Slocum (2007) explains that it was not unusual for this system to be take advantage of often, due to significant political influence the electricity corporations had over the policymakers. Never the less this arrangement, at the time, was viewed as the most appropriate system to deliver reliable and affordable power.

Deregulation refers to the ʻun-bundlingʼ or breaking up of these monopolies i.e. separation the various components of the supply chain being electricity generation, transmission and distribution, into various entities that could only control one part of the supply chain process. These entities were often privatized where possible.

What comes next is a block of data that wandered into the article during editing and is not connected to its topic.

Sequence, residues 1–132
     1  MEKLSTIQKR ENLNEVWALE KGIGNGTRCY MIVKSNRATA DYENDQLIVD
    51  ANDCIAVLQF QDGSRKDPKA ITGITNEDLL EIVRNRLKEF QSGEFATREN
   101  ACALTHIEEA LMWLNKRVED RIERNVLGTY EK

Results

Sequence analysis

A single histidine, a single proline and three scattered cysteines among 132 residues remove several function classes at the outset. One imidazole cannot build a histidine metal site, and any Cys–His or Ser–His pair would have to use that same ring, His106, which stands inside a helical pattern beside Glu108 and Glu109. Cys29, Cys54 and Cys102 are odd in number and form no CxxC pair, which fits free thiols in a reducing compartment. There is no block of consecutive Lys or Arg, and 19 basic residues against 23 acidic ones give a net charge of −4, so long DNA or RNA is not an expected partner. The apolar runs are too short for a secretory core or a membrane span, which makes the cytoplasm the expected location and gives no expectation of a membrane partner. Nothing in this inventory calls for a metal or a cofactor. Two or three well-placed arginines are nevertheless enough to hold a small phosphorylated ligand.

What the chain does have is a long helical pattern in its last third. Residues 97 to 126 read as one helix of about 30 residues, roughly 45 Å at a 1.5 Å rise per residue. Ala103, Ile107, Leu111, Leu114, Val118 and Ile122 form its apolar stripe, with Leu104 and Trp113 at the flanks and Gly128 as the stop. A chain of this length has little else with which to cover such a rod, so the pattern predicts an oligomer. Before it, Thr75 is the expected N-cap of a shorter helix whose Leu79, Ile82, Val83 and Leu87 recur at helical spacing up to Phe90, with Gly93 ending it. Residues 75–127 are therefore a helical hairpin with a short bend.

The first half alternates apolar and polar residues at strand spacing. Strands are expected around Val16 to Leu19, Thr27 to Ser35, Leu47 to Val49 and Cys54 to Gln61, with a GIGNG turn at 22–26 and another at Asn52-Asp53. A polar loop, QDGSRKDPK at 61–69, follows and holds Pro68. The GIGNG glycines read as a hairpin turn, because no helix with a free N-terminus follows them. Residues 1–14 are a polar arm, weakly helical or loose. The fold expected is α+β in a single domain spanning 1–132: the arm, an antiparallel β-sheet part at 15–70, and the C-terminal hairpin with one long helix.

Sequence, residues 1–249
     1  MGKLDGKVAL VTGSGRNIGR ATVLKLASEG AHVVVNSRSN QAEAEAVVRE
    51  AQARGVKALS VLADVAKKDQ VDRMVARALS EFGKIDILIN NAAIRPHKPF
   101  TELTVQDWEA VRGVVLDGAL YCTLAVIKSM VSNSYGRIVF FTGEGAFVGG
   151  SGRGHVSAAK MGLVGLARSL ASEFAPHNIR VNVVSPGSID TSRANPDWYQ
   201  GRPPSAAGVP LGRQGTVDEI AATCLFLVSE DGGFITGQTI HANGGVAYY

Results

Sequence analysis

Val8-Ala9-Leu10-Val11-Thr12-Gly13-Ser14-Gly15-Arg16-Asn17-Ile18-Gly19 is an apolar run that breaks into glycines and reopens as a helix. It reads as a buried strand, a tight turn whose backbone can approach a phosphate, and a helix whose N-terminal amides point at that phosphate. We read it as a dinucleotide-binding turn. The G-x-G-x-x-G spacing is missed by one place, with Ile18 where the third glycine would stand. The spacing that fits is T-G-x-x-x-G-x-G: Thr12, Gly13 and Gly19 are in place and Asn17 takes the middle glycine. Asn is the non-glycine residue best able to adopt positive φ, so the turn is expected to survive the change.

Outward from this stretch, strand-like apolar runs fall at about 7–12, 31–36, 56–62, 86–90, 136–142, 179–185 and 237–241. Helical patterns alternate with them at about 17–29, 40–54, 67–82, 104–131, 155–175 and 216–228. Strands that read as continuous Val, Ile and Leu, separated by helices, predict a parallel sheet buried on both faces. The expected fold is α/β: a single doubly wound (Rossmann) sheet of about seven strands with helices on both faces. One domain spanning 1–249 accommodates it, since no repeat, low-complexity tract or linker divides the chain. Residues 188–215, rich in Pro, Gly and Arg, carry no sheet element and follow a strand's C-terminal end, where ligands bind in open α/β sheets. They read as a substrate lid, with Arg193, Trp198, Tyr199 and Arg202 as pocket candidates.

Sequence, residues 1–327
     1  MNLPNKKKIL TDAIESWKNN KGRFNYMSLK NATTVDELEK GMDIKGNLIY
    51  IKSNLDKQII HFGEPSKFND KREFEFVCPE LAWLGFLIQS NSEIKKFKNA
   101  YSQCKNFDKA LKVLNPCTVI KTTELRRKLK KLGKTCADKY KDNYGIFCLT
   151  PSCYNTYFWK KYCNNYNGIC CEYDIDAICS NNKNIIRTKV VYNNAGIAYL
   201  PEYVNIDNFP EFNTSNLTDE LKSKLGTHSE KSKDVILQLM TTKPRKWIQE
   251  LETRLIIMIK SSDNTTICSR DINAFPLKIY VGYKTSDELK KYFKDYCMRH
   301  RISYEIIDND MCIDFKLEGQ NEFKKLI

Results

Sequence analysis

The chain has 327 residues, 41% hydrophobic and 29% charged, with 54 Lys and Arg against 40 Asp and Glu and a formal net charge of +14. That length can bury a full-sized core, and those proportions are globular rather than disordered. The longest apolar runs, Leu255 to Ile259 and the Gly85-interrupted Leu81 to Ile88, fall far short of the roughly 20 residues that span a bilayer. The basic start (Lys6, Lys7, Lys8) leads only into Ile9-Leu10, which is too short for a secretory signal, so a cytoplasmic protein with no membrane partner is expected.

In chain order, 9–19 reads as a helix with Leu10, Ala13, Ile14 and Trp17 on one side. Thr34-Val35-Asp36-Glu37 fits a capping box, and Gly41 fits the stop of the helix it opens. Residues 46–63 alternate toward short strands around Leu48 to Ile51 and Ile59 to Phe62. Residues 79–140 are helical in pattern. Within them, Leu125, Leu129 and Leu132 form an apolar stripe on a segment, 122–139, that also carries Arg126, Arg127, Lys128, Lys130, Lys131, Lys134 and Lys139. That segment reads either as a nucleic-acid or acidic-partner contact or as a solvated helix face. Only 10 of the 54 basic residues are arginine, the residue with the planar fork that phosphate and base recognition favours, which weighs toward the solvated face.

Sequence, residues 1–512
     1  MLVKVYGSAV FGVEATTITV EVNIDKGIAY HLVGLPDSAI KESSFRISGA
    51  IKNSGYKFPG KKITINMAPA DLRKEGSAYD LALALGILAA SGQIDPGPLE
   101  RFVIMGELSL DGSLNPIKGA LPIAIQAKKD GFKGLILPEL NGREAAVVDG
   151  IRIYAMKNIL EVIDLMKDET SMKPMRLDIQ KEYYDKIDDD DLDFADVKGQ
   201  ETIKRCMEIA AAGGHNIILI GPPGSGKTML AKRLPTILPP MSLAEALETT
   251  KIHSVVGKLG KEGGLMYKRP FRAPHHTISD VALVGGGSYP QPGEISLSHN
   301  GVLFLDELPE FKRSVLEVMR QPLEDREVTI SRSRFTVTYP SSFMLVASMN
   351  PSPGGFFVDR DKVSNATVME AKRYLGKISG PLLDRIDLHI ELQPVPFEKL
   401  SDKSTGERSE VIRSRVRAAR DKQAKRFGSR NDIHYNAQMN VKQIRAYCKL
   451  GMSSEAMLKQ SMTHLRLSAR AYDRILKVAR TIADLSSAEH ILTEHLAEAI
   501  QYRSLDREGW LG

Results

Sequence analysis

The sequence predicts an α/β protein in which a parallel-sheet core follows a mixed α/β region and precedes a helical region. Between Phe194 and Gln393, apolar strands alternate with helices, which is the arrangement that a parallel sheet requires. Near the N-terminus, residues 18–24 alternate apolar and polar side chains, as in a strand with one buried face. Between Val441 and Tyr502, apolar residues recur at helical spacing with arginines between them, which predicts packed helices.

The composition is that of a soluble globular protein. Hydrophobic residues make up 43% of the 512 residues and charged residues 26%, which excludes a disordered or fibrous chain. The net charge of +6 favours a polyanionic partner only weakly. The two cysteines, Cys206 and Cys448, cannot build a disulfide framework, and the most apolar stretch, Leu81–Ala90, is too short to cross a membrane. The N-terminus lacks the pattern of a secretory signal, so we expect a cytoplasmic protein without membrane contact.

In his paper "The Failure of Electricity Deregulation: History, Status and Needed Reforms" Slocum (2007) explains that in US, at the early stages of electricity market liberalisation the federal government played and unintended role by encouraging liberalisation.

During the 1970 oil crises the congress intention was to diversify the supply of energy for the Unites States, mainly away from Middle East oil and towards alternative fuels.